To link to this article, copy this persistent link:
(Nov 18, 2008) One hundred countries have now signed a global treaty against doping in competitive sports. Paraguay signed the agreement on November 12, 2008, making it possible to reach that goal. The International Convention Against Doping in Sport, which was adopted by the United Nations Educational, Scientific and Cultural Organization (UNESCO) in October 2005, imposes rules, tests, and sanctions in cases of doping. The Convention came into force in on February 1, 2007, when it had been ratified by 30 countries. It advocates no-advance notice testing, both during and outside of competitions. In addition to its provisions designed to promote a consistent approach to testing, the pact encourages governments to restrict the supply of performance-enhancing substances and regulate dietary supplements. (International Convention Against Doping in Sport 2005, UNESCO website, http://portal.unesco.org/en/ev.php-URL_ID=31037&URL_DO=DO_TOPIC&URL_
SECTION=201.html (last visited Nov. 13, 2008).)
UNESCO Director-General Koichiro Matsuura said of the Convention, "never before have global anti-doping efforts been stronger or more focused on providing an honest and equitable playing environment for athletes." (Binding UN-Backed Treaty Against Doping in Sport Signed by 100 Countries, UN NEWS CENTRE, Nov. 12, 2008, available at http://www.un.org/apps/news/story.asp?NewsID=28919&Cr=drug&Cr1.)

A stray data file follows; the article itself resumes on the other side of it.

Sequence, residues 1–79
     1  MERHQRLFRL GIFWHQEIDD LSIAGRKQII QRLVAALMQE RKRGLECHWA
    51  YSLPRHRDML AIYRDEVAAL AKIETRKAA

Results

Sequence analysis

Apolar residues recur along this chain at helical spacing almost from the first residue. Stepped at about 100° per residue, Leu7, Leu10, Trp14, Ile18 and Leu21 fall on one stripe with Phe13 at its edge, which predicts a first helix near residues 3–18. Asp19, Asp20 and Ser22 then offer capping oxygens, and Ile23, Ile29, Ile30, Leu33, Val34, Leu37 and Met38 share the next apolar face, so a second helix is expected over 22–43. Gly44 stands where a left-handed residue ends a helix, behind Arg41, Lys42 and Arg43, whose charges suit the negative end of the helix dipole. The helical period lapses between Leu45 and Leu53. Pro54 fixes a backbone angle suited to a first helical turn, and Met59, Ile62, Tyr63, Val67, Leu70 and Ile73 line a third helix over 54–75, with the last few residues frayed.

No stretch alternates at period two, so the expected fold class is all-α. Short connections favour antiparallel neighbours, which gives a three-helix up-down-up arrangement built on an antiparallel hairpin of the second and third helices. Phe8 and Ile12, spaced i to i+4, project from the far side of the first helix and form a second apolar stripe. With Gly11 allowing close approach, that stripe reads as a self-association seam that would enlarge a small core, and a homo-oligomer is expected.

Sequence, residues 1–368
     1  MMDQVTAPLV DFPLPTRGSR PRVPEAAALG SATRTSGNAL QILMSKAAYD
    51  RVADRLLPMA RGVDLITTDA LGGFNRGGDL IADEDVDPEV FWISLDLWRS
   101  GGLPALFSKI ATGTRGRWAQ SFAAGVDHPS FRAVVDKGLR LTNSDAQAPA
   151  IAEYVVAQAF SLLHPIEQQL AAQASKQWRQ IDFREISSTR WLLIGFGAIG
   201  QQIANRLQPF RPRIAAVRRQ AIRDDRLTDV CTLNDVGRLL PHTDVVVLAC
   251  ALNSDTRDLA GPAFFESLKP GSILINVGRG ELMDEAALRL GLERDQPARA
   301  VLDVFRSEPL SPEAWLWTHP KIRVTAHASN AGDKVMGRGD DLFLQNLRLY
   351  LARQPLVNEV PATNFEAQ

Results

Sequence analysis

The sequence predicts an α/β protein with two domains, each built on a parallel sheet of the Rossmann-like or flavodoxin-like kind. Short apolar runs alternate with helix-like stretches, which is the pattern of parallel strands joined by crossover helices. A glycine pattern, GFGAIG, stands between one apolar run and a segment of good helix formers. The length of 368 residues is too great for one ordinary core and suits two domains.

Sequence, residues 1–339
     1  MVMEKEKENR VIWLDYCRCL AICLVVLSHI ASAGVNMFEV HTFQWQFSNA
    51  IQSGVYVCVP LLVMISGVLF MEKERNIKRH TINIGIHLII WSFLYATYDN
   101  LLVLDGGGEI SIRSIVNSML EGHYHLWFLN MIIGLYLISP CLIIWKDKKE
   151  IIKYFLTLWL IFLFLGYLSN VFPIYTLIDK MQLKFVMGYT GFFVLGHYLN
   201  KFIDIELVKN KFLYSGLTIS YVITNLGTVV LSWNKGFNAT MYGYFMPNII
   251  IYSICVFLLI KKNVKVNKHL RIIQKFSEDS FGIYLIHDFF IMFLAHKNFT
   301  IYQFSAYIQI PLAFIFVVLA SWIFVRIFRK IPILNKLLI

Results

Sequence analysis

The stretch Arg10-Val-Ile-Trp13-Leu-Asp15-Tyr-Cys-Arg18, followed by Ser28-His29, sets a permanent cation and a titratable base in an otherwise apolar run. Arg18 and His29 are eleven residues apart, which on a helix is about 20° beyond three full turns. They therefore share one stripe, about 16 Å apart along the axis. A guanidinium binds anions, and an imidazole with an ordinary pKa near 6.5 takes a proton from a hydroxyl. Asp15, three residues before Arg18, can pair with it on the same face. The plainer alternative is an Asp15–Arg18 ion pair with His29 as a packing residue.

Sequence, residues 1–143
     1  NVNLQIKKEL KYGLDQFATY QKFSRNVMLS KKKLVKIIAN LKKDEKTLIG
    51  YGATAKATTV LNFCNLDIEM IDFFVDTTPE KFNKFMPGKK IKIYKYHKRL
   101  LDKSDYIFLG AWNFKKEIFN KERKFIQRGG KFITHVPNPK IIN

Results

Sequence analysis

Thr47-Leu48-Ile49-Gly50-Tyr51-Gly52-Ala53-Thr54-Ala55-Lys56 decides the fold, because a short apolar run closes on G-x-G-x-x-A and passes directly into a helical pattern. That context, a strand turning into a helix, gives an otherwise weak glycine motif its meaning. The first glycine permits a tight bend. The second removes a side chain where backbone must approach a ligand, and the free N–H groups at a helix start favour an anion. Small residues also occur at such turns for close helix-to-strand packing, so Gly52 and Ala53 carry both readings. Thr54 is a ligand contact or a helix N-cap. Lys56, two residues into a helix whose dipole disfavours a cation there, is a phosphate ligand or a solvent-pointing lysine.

|Author:||Constance Johnson More by this author|
|Topic:||Sports and recreation More on this topic|
|Jurisdiction:||United Nations More about this jurisdiction|
Search Legal News
Find legal news by topic, country, keyword, date, or author.
Global Legal Monitor RSS
Get the Global Legal Monitor delivered to your inbox. Sign up for RSS service.
The Global Legal Monitor is an online publication from the Law Library of Congress covering legal news and developments worldwide. It is updated frequently and draws on information from the Global Legal Information Network, official national legal publications, and reliable press sources. You can find previous news by searching the GLM.
Last updated: 11/18/2008